And now, ladies and gentlemen, there remains for me only the pleasant duty of offering you my most sincere and earnest thanks for the kindness shown to me on this occasion, and I do so with a grateful heart. (Long applause.)
After the lecture, Mr. E. George Squier moved a vote of thanks to the lecturer, in a few complimentary remarks, which motion was seconded by Mr. James S. Mackie in a brief but happy speech, and carried with signal enthusiasm.
Among several judgments registered by the daily papers of New York upon the present lecture, we consider it becoming to our purpose to reprint the following leading article of the Evening Post of December the 12th, and which relates to the commerce between Chili and the United States:
Señor McKenna, special agent of the Chilian government in this country, gave a few days ago an excellent account of his country, in which he related much that was new to his hearers and to the general public, and which is at the same time of great interest and importance to Americans.
After pointing out the fact that Chili has distinct natural boundaries in the Andes, the Pacific Ocean, the great desert of Atacama, and the savage plains of Patagonia; and that it possesses a homogeneous population, a various but temperate climate, an immense coast line containing hundreds of ports and bays, which make access to the interior easy, a fertile agricultural region, which enables the nation to export breadstuffs, and mineral resources so rich that, besides coal, silver and gold, half the copper produced in the whole world, annually, is mined in Chili. Mr. McKenna described the social and political condition of his country. Chili has two millions of people, who form a republic, in which a president is elected every five years, while the popular branch of the Congress is chosen every three years, and the Senate for seven years. Taxation is trifling, the custom duties are light, and imposed only on articles of luxury; one-tenth of the whole revenue of the state is devoted to public instruction; and in 1862 there were nine hundred and thirty-three free schools in the country, besides a university at Santiago, the most important in South America, and colleges in the different provinces.
Finally, lands are cheap, the climate is fine, the naturai products various, the feeling towards foreigners very liberal, the undeveloped wealth immense, the railroads of the country so extended that Chili is excelled in this regard only by the United States, England, France and Germany, and the people are very favorably predisposed towards the United States.
Yet with this country, whose people are so friendly to us, whose institutions are so similar to ours, who seem to be progressing in the same direction with ourselves, and who feel themselves to have the same interests with us, our comercial intercourse is so ridiculously small that Americans will blush when the figures are told. M. McKenna said:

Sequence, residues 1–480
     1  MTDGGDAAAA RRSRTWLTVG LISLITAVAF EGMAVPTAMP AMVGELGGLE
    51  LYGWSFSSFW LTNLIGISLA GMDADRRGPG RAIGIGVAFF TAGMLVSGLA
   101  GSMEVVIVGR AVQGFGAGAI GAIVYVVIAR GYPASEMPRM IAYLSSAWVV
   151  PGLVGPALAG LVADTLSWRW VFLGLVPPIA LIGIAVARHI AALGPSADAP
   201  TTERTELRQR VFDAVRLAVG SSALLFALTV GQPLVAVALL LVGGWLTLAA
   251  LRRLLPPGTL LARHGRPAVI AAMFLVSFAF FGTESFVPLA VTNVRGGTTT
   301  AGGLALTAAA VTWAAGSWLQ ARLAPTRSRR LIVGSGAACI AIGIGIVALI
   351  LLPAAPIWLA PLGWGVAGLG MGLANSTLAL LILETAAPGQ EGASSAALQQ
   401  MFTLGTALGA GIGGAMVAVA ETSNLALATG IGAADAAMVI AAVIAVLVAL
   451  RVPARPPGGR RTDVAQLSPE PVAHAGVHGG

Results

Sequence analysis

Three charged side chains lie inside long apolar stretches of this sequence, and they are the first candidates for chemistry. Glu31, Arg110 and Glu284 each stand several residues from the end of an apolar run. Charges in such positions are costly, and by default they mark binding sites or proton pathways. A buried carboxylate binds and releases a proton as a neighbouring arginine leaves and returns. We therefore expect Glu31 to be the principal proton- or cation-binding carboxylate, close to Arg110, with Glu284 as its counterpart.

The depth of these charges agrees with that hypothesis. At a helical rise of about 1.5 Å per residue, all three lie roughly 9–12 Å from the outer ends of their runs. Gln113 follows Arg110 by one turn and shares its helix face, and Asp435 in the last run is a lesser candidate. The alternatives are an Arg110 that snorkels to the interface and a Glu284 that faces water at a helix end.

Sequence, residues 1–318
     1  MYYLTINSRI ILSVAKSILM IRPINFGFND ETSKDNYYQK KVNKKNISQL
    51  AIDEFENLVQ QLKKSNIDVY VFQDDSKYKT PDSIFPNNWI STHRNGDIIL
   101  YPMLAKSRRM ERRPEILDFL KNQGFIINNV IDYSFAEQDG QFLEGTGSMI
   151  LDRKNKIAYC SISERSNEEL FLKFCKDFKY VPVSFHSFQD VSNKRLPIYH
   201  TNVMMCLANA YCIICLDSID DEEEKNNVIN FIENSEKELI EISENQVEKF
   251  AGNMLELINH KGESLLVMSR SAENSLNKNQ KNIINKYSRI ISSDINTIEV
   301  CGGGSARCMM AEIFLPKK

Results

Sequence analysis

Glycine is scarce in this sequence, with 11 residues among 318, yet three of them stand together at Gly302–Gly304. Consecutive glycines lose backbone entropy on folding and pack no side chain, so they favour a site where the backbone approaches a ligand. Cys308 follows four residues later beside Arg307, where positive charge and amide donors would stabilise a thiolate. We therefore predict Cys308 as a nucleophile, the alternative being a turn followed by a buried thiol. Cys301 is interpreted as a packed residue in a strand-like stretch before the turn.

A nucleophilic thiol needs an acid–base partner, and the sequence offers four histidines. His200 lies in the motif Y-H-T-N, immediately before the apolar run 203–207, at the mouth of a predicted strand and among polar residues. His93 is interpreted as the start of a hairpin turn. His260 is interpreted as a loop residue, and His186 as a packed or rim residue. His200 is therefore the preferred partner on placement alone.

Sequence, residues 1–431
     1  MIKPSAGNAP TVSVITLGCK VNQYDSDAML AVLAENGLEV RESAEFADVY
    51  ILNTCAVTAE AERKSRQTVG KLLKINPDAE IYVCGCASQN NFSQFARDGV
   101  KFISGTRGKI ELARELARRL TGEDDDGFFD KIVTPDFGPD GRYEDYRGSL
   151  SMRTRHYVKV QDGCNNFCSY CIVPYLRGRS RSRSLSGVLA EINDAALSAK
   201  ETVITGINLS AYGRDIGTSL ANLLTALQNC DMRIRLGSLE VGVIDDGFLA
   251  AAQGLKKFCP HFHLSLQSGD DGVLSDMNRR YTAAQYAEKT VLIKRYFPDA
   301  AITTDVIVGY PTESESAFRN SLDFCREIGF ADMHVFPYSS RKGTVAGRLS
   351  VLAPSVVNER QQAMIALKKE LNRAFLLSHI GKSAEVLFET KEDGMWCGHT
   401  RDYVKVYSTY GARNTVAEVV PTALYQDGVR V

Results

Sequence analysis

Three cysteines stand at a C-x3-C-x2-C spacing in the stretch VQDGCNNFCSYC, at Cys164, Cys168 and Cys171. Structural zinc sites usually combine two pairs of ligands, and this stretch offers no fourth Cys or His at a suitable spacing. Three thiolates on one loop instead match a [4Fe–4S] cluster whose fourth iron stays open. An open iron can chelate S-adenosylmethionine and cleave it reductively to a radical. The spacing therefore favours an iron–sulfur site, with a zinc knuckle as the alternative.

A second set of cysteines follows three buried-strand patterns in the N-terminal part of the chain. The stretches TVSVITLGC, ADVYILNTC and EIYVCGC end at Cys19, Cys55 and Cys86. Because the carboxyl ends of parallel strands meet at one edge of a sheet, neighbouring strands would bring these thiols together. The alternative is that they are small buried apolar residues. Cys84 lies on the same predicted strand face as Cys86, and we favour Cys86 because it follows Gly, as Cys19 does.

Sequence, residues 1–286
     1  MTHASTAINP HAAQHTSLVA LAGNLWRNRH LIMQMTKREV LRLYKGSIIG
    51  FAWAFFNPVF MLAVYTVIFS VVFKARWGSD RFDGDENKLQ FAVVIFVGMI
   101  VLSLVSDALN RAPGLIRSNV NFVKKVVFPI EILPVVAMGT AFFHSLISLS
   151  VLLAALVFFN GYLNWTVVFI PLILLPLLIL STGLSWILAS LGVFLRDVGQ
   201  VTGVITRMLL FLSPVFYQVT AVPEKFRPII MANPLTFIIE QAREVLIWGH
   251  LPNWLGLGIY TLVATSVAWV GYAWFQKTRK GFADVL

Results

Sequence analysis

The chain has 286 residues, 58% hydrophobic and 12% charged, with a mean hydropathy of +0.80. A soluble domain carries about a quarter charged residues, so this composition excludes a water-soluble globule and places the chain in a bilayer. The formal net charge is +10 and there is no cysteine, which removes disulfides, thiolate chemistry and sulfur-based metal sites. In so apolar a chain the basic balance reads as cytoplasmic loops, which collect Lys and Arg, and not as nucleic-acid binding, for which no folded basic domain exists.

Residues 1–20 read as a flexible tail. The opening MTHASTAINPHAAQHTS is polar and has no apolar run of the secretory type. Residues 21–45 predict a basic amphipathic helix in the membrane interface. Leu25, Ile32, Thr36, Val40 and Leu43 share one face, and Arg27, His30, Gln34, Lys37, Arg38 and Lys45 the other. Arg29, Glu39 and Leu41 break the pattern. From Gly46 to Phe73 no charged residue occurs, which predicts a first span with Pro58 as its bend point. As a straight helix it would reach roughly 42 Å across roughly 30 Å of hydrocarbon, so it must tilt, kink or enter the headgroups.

The value of goods imported into Chili in 1864, according to official statistics, was $18,867,363; and would any of you believe that in this commerce, of which you
might have as good a share as any other nation, while England is represented by forty-three per cent, the enterprising, the prosperous and active people of the United States, with their enormous and crowded and countless manufactures, stand only in the proportion of five per cent ? But that is a fact, according to late official returns, and I may add, as far as my personal knowledge goes, that there exists in Valparaiso, among hundreds of large European houses of commerce, only three American firms.'
England has forty-three per cent of the trade with Chili, France has twenty per cent, Germany without a fleet, and with only a few ports, has yet nine per cent, the United States, with California and Oregon lying on the same ocean, has got only five per cent, but little more than Brazil, which has three per cent.
But if our commerce with Chili is small, it is no greater with others of the South American republics. We seem to have neglected those states, whose prosperity and progress nevertheless are of great importance to us. Under the rule of the slave-lords, our attitude towards them was made purposely hostile; the slave-holders did not care for legitimate commerce; they thought only of filbustering expeditions, of snatching the land of our neighbor republics to devote it to slavery. But with the new spirit which animates our policy, our intercourse with other American, republics should largely increase, our relations must become more intimate, and we shall no doubt presently recognise our duty towards them, to guard them, by our alliance, from such wanton attacks as that of Spain upon Chili, and that of France against Mexico.
True statesmanship would bind together all the republics of America in a common brotherhood; thus only can our example have its proper influence upon our neighbors, and thus only can those weaker states be saved from the attacks of despotic European powers-attacks which are as much directed against us as against our neighbors, for they arise out of hostility to the republican institutions of which we are the upholders, Mexico no sooner begins to show signs of the triumph of order, intelligence, and constitutional forms, than Napoleon makes war on the republic, forcibly sets up a despotic emperor in place of the constitutional government, involves the Mexican people in financial ruin, interrupts industry, vastly increases the national debt, re